Investigating the Vascular Phenotype of Subcutaneously and Orthotopically Propagated PC3 Prostate Cancer Xenografts Using Combined Carbogen Ultrasmall Superparamagnetic Iron Oxide MRI.
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The aim of this study was to use the combined carbogen-ultrasmall superparamagnetic iron oxide (CUSPIO) magnetic resonance imaging (MRI) method, which uses spatial correlations in independent susceptibility imaging biomarkers, to investigate and compare the impact of tumor size and anatomical site on vascular structure and function in vivo. Mice bearing either subcutaneous or orthotopic PC3 LN3 prostate tumors were imaged at 7 T, using a multi-gradient echo sequence to quantify R2, before and during carbogen (95% O2/5% CO2) breathing, and subsequently following intravenous administration of USPIO particles. Carbogen and USPIO-induced changes in R2 were used to inform on hemodynamic vasculature and fractional blood volume (%), respectively. The CUSPIO imaging data were also segmented to identify and assess five categories of R2 response. Small and large subcutaneous and orthotopic tumor cohorts all exhibited significantly (P < 0.05) different median baseline R2, ΔR2carbogen, and fractional blood volume. CUSPIO imaging showed that small subcutaneous tumors predominantly exhibited a negative ΔR2carbogen followed by a positive ΔR2USPIO, consistent with a well perfused tumor vasculature. Large subcutaneous tumors exhibited a small positive ΔR2carbogen and relatively low fractional blood volume, suggesting less functional vasculature. Orthotopic tumors revealed a large, positive ΔR2carbogen, consistent with vascular steal, and which may indicate that vascular function is more dependent on site of implantation than tumor size. Regions exhibiting significant ΔR2carbogen, but no significant ΔR2USPIO, suggesting transient vascular shutdown over the experimental timecourse, were apparent in all 3 cohorts. CUSPIO imaging can inform on efficient drug delivery via functional vasculature in vivo, and on appropriate tumor model selection for pre-clinical therapy trials.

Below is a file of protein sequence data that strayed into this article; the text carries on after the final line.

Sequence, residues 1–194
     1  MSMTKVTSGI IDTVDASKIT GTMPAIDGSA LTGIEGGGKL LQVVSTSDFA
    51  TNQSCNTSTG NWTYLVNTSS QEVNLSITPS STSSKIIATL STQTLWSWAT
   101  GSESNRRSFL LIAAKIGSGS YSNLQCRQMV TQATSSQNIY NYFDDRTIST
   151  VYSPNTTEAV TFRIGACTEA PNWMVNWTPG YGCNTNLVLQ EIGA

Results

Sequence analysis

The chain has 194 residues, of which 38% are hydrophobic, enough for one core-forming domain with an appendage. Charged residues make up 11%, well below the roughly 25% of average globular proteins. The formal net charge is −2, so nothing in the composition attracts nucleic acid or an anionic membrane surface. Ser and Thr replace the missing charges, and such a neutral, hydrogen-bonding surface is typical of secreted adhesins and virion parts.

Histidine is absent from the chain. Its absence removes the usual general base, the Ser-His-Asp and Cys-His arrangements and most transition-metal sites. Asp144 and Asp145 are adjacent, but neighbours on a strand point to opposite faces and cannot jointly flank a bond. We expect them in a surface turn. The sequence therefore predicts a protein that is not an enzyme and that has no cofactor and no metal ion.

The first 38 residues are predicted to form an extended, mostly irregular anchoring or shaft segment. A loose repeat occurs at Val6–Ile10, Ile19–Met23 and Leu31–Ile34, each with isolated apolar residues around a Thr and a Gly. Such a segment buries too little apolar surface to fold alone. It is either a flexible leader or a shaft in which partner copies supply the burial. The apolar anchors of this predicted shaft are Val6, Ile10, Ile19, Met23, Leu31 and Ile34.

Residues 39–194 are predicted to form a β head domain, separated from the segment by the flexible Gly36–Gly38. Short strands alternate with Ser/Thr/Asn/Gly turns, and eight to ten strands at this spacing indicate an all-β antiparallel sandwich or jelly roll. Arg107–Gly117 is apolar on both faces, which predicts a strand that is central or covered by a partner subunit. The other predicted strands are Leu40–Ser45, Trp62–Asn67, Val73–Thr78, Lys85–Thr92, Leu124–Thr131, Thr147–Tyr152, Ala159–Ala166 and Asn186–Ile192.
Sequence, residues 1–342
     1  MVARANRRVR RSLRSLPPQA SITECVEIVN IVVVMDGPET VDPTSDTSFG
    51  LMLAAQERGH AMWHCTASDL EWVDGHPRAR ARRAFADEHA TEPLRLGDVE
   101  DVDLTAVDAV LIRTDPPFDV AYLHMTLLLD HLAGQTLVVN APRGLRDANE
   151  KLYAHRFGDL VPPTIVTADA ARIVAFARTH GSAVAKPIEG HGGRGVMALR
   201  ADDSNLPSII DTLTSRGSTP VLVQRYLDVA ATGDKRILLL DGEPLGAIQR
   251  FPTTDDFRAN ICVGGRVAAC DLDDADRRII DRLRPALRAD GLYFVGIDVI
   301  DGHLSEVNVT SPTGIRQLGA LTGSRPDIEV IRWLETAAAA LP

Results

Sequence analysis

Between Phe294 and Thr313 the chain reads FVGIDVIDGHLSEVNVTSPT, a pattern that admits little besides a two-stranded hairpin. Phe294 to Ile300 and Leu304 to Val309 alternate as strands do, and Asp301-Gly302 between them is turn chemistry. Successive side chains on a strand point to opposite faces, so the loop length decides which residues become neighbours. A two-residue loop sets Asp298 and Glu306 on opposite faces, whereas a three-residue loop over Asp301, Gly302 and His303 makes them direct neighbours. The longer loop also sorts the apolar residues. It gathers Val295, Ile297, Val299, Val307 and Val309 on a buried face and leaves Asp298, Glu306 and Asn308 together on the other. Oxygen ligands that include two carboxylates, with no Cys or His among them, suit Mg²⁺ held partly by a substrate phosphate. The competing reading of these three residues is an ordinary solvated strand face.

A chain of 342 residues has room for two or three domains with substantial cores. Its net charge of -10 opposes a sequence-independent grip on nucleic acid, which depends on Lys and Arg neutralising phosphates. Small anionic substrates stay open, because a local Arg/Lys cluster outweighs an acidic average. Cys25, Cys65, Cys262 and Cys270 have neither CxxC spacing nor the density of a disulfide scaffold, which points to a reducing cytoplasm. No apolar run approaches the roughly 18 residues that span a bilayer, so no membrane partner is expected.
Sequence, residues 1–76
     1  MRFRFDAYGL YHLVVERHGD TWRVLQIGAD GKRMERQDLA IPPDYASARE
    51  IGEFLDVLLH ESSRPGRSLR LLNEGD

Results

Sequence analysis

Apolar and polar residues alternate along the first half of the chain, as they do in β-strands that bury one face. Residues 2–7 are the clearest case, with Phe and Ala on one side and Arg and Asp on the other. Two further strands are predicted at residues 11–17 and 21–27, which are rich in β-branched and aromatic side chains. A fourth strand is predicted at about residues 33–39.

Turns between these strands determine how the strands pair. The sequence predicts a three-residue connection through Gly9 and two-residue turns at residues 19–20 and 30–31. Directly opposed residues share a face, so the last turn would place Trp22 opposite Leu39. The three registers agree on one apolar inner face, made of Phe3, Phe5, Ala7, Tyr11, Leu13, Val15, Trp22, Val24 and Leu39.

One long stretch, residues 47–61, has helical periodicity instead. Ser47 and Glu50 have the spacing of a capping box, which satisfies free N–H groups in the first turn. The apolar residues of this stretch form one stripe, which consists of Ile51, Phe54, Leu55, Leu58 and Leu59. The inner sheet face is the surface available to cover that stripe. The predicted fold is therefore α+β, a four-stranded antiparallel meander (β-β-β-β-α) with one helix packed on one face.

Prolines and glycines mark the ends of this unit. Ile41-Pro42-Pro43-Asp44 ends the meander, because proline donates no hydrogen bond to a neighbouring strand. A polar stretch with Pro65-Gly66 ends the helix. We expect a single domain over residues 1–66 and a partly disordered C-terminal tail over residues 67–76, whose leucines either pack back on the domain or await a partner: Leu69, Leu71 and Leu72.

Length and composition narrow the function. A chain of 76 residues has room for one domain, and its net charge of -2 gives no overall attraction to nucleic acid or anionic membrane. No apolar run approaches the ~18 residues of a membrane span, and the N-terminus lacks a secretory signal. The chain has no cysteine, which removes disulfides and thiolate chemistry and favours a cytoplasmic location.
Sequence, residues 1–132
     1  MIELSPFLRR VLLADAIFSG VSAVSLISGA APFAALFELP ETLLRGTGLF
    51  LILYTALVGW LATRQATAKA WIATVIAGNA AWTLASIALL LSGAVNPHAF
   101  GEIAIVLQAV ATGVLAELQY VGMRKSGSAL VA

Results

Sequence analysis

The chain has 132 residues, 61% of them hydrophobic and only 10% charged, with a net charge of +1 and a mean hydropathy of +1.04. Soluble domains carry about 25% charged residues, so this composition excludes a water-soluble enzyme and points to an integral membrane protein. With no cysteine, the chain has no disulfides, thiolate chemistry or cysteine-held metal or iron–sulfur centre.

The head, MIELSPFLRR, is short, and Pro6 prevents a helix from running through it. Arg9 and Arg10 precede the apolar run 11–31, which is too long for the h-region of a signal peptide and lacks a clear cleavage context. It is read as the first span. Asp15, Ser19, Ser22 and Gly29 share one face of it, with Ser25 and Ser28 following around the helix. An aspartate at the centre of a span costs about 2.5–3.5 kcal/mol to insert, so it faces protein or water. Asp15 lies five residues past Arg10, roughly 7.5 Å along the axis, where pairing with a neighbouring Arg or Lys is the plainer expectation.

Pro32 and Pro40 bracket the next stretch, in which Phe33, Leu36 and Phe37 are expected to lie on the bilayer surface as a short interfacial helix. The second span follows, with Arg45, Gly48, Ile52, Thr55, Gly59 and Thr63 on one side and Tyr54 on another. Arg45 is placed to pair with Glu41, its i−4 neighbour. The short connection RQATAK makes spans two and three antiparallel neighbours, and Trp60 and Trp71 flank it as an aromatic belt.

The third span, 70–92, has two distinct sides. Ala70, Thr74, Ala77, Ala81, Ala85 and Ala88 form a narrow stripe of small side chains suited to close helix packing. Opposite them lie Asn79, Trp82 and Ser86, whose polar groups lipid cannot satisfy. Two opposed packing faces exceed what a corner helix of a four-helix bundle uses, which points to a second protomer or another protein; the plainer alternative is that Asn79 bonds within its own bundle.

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Cell Line, Tumor
Disease Models, Animal
Magnetic Resonance Imaging
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Topics in magnetic resonance imaging : TMRI, 2016, 25 (5), pp. 237 - 243